The ‘Special Period’ in Cuba was an extended era of economic depression starting in the early 1990s, characterized by the collapse of revolutionary values and social norms, and a way of life conducted by improvised solutions for survival, including hustling and sex-work. During this time there developed a thriving, though constantly harassed and destabilized, clandestine gay scene (known as the ‘ambiente’). In the course of eight visits between 1995 and 2007, the last dozen years of Fidel Castro’s reign, Moshe Morad became absorbed in Havana’s gay scene, where he created a wide social network, attended numerous secret gatherings-from clandestine parties to religious rituals-and observed patterns of behavior and communication. He discovered the role of music in this scene as a marker of identity, a source of queer codifications and identifications, a medium of interaction, an outlet for emotion and a way to escape from a reality of scarcity, oppression and despair.
Morad identified and conducted his research in different types of ‘musical space,’ from illegal clandestine parties held in changing locations, to ballet halls, drag-show bars, private living-rooms and kitchens and santería religious ceremonies. In this important study, the first on the subject, he argues that music plays a central role in providing the physical, emotional, and conceptual spaces which constitute this scene and in the formation of a new hybrid ‘gay identity’ in Special-Period Cuba.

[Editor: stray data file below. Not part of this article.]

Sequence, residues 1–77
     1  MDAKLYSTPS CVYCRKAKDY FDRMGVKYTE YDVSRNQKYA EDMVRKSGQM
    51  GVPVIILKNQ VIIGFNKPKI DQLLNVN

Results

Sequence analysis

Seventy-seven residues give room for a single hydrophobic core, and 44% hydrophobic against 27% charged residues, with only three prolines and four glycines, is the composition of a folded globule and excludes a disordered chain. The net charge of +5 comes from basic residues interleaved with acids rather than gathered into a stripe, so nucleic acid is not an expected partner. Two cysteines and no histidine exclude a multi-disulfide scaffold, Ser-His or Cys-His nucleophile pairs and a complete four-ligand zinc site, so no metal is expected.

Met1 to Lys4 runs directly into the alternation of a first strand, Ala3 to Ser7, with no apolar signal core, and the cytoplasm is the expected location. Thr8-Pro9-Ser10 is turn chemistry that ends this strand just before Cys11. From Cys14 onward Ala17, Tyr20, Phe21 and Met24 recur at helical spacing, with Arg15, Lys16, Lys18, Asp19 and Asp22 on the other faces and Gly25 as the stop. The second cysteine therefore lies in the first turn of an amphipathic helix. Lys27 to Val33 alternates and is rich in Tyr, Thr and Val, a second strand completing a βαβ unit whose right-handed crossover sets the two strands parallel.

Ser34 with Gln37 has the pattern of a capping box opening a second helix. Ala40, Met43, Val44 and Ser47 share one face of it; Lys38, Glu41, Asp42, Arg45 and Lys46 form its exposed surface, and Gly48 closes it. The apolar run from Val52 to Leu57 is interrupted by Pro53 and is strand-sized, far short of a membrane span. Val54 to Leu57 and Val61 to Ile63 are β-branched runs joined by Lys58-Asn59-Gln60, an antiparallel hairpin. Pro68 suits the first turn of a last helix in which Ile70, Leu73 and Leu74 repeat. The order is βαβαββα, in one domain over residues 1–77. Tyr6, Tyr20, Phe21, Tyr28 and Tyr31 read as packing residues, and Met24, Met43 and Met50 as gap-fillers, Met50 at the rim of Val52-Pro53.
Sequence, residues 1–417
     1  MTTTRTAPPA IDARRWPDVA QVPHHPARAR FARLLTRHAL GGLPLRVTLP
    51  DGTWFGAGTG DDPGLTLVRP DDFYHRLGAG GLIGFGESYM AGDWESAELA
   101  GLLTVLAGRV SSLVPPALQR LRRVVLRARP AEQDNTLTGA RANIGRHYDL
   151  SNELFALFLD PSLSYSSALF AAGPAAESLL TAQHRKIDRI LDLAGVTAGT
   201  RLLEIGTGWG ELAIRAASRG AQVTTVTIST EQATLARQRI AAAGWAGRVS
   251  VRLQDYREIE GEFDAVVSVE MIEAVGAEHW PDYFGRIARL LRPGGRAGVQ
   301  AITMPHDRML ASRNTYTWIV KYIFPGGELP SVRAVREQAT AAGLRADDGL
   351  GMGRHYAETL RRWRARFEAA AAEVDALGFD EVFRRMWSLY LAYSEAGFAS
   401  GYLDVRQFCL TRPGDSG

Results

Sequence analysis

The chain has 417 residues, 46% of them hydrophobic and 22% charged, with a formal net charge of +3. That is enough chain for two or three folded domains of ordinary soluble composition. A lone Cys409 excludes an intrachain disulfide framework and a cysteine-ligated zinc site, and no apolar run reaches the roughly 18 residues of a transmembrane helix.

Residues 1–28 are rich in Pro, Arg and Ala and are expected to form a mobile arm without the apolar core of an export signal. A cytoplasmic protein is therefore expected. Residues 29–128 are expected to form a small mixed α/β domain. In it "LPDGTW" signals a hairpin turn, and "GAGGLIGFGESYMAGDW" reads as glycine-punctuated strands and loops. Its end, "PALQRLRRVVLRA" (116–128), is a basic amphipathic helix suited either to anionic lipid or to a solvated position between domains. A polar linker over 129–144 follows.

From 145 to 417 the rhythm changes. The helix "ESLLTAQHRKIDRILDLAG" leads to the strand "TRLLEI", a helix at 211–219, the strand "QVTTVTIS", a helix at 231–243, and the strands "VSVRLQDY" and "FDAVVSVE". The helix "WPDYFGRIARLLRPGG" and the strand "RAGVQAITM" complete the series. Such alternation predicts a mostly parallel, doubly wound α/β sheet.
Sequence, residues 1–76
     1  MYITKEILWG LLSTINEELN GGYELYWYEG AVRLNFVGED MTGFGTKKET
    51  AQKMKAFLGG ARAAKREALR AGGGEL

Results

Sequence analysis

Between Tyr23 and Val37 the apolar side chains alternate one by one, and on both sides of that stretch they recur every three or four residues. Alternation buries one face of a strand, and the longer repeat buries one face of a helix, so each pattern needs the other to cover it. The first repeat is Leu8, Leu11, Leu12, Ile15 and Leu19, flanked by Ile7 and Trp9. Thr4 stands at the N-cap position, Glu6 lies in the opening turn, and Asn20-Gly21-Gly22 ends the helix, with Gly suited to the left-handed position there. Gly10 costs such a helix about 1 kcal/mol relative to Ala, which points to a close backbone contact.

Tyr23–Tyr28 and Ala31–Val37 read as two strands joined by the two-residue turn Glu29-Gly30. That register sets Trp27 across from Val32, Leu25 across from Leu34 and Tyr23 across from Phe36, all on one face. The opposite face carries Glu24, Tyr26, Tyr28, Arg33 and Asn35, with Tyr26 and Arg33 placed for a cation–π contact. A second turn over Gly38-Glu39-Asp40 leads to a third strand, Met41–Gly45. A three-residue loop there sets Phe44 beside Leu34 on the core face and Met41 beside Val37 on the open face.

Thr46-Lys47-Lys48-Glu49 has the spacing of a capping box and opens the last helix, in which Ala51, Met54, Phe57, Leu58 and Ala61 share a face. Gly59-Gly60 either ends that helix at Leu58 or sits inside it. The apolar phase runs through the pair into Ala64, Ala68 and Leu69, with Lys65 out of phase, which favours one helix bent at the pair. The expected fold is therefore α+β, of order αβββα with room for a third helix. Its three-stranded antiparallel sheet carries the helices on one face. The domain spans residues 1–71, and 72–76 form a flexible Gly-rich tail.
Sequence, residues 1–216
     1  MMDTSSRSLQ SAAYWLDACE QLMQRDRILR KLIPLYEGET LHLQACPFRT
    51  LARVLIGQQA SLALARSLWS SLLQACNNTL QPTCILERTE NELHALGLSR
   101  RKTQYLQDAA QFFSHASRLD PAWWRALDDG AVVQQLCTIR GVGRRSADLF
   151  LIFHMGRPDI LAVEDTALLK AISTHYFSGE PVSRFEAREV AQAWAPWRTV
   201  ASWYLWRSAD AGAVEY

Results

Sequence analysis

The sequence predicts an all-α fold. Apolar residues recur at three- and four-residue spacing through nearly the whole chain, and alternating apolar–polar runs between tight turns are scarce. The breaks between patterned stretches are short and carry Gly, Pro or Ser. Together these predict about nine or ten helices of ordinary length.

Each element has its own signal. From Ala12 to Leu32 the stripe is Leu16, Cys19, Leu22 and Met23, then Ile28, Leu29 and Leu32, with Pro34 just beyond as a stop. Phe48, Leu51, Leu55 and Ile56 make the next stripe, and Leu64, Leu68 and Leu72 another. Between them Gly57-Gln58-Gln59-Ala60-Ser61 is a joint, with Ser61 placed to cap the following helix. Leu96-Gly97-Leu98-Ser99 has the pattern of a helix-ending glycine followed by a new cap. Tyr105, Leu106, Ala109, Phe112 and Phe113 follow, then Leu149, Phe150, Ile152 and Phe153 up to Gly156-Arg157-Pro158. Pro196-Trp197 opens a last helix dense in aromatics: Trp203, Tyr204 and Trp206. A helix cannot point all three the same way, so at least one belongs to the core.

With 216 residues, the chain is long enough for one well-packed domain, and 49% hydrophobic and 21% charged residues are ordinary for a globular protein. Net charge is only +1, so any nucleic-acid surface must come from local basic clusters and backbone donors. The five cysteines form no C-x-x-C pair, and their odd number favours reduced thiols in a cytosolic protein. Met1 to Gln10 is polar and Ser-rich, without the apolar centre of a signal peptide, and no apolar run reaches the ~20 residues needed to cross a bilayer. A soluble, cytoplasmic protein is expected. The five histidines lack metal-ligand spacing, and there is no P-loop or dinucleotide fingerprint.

Winner of the Marcia Herndon Book Prize (Gender and Sexualities Section) 2016:
"As the inaugural winner of this new prize, Fiesta de diez pesos exemplifies the highest qualities of writing, ethnography, provocative interpretation, and commitment to political justice."
Alan Merriam Prize 2015 - Honorable Mention:
"An honorable mention for the Merriam prize goes to Moshe Morad’s book, Fiesta de diez pesos: Music and gay identity in Special Period Cuba. Fiesta de diez pesos is a brilliantly rich and vivid ethnography of (male) gay musical spaces and identities in Cuba, exploring underground or conveniently unnoticed worlds and the centrality of music and dance to their existence and operation. It spans an impressive range of contexts: the precarious yet irrepressible world of underground fiestas, dance parties held in changing secret locations; the national ballet, which Morad terms the ‘most obvious discreet gay space in Havana’; Santeria ritual performances, an indigenous arena that embraces space for gay and transgender performance and performers; and the ordinary domestic worlds of music and queer identification."